As November trudged on, you were visiting Professor Lupin’s office after school two to three times a week. Half of your time was spent helping him organize sixth-year curriculums, while the other half was spent grading assignments to his unreasonably thorough specifications. Terrible as it may have been, you couldn’t help but think that if Lupin's standards for helping his students were just a little lower, assisting him wouldn’t have proven to be so tedious; you hadn't realized there was so much work behind the skilled instruction he made seem so effortless.

Still, you had accepted the position for completely selfish reasons, and those reasons were proving worthwhile.

You enjoyed receiving the random owl at lunchtime asking if you could help him after classes. Grading through twenty essays on the same topic was just another form of rote repetition for your own studies. Marking sixth-year answers wrong, but also having to detail why they were wrong, did much to help cover the gaps in your knowledge from your academically void year with Lockhart. The trouble was worth seeing what pun would appear on Lupin’s tea mug that day, and the stolen glimpses of him at his desk, focused, nibbling at the end of his quill as he read across parchments.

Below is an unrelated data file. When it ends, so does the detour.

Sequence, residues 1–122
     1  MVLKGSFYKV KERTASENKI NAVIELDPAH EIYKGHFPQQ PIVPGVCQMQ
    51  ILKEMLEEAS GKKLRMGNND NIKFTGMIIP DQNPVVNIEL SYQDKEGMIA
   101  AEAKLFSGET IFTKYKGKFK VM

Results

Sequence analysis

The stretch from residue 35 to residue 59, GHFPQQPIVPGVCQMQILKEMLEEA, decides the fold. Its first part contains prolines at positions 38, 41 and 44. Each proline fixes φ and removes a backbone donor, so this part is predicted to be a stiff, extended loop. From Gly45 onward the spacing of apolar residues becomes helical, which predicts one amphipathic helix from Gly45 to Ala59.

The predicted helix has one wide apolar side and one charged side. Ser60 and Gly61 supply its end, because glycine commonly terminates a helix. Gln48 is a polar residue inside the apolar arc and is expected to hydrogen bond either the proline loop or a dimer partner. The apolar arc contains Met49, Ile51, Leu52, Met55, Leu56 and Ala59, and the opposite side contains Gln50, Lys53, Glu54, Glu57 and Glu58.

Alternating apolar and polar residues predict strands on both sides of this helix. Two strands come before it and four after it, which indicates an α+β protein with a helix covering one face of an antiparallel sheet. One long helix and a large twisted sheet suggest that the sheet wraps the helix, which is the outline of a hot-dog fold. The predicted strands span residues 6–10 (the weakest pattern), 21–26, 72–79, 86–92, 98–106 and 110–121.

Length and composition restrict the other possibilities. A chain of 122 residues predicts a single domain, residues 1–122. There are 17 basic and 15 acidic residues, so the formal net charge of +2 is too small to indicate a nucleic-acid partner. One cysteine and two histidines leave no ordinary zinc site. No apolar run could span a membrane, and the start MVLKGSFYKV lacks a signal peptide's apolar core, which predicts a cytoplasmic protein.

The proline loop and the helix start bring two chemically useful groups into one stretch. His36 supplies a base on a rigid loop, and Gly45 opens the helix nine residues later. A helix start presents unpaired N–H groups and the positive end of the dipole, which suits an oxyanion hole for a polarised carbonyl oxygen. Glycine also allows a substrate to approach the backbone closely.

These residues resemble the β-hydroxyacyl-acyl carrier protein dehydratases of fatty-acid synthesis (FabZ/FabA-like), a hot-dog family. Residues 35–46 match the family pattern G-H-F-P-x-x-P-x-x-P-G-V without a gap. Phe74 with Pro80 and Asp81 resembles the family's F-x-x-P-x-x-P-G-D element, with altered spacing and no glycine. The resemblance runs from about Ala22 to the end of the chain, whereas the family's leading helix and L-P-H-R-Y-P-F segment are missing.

The bits of colour you had during your week made the rest of it feel that much more desaturated.

Today, you were studying outside, a large table all to yourself due to the colder weather keeping everyone indoors. You were running through multitudes of steps and ingredients for Potions, your many notes spread across the wide stone tabletop. Before your N.E.W.T. classes, you had always thought Potions was an exact science with no room for variation or interpretation, but Snape had done well to prove you wrong. Skipping a single one of his classes would have proven disastrous to your studies, as the majority of the material he provided had absolutely no mention in the assigned textbook; it was frustrating, but following Snape’s generous liberties to the book’s instructions yielded flawless results, results he would be expecting you to replicate from memory.